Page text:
Representation matters

A lot of QUILTBAG SF/F fans in my general age bracket will most likely point at Mercedes Lackey and her Vanyel trilogy as the first piece of fiction they ever saw that not only had queer characters in it, but had a male couple front and center as the primary characters. Me, I’ve written before about how Elfquest was a lot more of a turning point for me. But I can also add that Tanya Huff’s work was seminal as well, because she was the first author I can actively remember reading who not only included non-standard sexualities in her cast, but did it in such a way as to have it not be a big deal at all. They were just there, just like the straight people, participating in and contributing to the plot. Their sexuality was not a source of angst or an Issue of the Week. And I loved that.

It was, in fact, a lot like what I was beginning to learn that real people were like: i.e., that they included gay people, and lesbian people, and in general people whose sexualities didn’t necessarily match up with mine. Yet they were all people, just trying to live their lives in peace, just like me.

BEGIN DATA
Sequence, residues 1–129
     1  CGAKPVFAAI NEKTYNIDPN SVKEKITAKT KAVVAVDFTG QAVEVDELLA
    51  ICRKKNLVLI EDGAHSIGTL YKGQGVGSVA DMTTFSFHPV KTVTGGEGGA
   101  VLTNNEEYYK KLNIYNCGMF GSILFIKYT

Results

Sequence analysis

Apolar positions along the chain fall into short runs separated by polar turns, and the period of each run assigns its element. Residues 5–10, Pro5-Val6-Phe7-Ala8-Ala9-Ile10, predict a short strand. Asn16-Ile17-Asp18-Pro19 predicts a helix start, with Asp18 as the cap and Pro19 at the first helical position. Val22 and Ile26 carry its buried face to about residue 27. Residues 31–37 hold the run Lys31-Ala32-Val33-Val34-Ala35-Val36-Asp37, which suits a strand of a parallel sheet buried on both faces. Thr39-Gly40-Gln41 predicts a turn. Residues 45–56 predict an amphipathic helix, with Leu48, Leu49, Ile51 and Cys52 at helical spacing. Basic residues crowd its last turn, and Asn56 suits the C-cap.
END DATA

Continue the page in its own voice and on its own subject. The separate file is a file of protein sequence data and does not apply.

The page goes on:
I mention this because of seeing Seanan McGuire put up a couple of posts addressing questions of sexuality of characters. She answers the question of why exactly is Dr. Kellis in the Newsflesh books gay (answer: he’s gay because he’s gay), and then puts forth a great answer to someone who saw fit to criticize her anonymously for having a pretty notable number of non-standard sexualities in her work (read, as near as I can tell: any at all).

I applaud Seanan wildly for both of these posts, because she is absolutely right: representation matters. And QUILTBAG characters should not have to have their sexualities (or lack thereof! Because some people have no sexuality at all!) justified by “a bearing on the story” or an Issue of the Week plot or whatever.

For the record: I write queer people right alongside my straight people. You’re going to especially find them in Faerie Blood and the forthcoming rest of the Free Court of Seattle trilogy. Because hi yeah, I’m queer, and I know a lot of other people who are queer, and spoiler alert: we like to see ourselves in SF/F novels too. Just like you. If this bothers you, then I suggest you look elsewhere for your reading.

But if instead it’s something that’d make you happy, hey, I hope you’ll consider reading me.

And you should definitely consider reading Seanan if you’re not already. Because she’s made of 100 percent pure organic awesome.

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